Archaeologists and building researchers are combining their most recent published research on the monuments and urban areas of Ephesos. These will form the basis for the digital visualisation which will then be created by the Austrian company 7reasons Medien GmbH, which specialises in the multimedia presentation of research results.
Visualisations have always been part of the methodological repertoire of archaeologists and building researchers. Graphical reconstructions also have a long tradition at the Austrian Archaeological Institute, which is leading the excavations at Ephesos.
They have been used both to depict buildings and to give impressions of the whole city. By the end of the 20th century, hand-drawn, detailed views and perspective drawings had been replaced by digitally modelled visualisations.
The main priority for the »Ephesus 4D project« is the need for the virtual model to be scientifically accurate and long-lasting. The latest research results will be stored in the metadata for the models of individual monuments, so it will still be possible to review the underlying information in the future.
The same is true of the various work stages involved in producing the visualisation. It will be important for scientists to be able to trace those as they continue to use and evaluate the virtual model.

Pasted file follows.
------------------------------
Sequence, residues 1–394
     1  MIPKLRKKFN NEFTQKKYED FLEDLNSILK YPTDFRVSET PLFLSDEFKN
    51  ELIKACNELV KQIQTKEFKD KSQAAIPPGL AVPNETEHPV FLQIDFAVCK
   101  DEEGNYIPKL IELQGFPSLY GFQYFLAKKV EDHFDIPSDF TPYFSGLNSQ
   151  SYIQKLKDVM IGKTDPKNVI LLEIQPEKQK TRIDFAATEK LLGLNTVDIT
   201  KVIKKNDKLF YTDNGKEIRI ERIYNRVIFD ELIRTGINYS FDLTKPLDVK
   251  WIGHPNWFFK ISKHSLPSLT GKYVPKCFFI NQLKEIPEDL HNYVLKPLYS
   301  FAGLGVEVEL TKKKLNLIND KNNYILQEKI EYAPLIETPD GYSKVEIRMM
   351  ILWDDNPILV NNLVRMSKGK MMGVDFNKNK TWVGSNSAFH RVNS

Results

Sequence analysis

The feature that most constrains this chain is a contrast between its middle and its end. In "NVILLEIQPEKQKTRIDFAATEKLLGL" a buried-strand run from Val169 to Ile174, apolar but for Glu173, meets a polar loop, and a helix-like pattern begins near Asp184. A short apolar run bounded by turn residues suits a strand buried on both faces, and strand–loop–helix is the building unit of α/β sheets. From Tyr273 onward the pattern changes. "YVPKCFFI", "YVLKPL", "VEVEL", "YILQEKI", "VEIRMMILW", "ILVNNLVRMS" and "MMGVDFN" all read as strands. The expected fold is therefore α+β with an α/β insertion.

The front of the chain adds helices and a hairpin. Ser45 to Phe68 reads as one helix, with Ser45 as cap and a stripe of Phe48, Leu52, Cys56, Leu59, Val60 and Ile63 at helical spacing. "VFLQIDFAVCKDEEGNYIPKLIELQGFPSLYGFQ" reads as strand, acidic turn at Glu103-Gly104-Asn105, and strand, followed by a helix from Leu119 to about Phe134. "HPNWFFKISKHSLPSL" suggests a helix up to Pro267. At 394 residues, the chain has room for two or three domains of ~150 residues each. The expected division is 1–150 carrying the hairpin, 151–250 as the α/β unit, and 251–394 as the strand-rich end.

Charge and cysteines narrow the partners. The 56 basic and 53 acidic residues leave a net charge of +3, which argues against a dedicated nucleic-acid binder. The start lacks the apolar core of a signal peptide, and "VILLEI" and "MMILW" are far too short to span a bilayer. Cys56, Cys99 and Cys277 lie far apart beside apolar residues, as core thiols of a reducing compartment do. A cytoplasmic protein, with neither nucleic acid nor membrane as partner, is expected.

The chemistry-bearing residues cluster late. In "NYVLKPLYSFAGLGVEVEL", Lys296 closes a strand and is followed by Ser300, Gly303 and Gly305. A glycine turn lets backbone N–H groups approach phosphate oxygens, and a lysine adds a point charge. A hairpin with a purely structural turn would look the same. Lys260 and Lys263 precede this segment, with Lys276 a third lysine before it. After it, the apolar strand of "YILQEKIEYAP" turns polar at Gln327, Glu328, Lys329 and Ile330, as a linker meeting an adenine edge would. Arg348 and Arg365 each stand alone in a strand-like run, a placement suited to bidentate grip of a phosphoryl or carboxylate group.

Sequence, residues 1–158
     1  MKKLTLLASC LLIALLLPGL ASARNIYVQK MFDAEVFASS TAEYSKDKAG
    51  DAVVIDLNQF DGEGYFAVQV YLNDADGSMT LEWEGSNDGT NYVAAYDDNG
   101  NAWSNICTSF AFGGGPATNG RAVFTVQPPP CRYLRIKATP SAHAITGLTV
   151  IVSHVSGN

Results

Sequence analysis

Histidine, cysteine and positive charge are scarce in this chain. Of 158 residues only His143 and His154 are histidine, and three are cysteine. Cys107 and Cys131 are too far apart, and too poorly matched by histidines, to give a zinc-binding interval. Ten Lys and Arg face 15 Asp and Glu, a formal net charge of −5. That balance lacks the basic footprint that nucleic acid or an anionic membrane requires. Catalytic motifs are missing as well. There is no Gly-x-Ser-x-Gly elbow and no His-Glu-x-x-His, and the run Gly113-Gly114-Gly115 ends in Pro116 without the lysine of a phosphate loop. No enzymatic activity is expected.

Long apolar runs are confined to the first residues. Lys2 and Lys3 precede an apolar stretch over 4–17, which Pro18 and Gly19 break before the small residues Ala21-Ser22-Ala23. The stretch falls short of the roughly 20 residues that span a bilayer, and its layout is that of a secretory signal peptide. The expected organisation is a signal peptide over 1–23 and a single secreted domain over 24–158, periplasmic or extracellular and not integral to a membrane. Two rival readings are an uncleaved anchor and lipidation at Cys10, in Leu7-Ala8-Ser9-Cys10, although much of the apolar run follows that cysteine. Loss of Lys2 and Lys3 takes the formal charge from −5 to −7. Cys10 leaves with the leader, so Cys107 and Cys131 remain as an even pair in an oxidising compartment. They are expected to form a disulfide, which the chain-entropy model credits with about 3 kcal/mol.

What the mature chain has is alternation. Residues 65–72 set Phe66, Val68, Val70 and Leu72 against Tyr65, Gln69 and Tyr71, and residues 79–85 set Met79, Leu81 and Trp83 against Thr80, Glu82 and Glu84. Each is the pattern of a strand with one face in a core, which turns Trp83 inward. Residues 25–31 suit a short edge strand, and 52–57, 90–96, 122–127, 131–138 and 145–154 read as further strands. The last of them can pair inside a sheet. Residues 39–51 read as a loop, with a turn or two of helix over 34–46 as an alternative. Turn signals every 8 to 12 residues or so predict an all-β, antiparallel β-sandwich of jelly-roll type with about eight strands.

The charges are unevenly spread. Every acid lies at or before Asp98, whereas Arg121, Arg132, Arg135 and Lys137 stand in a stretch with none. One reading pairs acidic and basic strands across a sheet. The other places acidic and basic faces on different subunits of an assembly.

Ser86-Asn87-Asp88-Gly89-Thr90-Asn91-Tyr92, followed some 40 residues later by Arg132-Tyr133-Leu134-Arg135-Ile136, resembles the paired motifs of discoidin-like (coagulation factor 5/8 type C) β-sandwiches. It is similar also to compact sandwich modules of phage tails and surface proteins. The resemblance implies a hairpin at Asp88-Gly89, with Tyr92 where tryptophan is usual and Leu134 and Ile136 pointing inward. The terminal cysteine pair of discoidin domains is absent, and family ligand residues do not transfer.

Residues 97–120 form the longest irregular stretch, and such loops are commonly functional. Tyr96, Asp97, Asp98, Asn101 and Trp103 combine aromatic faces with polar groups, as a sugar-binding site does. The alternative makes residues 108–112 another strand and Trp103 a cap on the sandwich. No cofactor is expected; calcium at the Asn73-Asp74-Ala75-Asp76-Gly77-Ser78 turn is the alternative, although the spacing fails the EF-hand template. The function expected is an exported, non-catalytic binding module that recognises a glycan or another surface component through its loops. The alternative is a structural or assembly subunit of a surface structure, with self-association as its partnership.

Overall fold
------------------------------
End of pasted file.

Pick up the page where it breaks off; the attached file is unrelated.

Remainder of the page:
What’s more, because the research is ongoing, it must be ensured that the visualisation can be updated as new findings become available, with the previous versions being archived. This requires careful data management, which is being conducted in this project in compliance with international standards on the computer-based visualisation of cultural heritage.
The virtual models of Ephesos in Imperial times and in Late Antiquity will bring a new dimension to the way the results of research into the history of the city are portrayed and presented, and they will have many different applications. For example, they could be used in exhibitions, documentary films and print media, or on websites or social media platforms.
At the same time, the advanced methodology of the models opens up new options for future analysis in the fields of historical architecture and urban planning, using digital tools and simulations.
• Austrian Archaeological Institute (OeAI)
Gudrun Styhler-Aydιn, OeAIrun Styhler-Aydιn